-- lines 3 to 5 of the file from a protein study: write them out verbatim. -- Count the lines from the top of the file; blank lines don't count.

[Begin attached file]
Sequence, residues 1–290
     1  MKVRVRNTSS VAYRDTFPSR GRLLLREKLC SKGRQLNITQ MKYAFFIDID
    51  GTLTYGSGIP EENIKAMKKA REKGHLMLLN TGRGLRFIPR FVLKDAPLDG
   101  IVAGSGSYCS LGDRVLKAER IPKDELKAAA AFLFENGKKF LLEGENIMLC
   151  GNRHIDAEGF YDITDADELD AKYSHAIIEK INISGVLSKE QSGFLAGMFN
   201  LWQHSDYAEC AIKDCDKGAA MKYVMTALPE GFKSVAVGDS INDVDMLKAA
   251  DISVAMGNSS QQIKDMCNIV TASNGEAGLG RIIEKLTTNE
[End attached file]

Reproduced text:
    51  GTLTYGSGIP EENIKAMKKA REKGHLMLLN TGRGLRFIPR FVLKDAPLDG
   101  IVAGSGSYCS LGDRVLKAER IPKDELKAAA AFLFENGKKF LLEGENIMLC
   151  GNRHIDAEGF YDITDADELD AKYSHAIIEK INISGVLSKE QSGFLAGMFN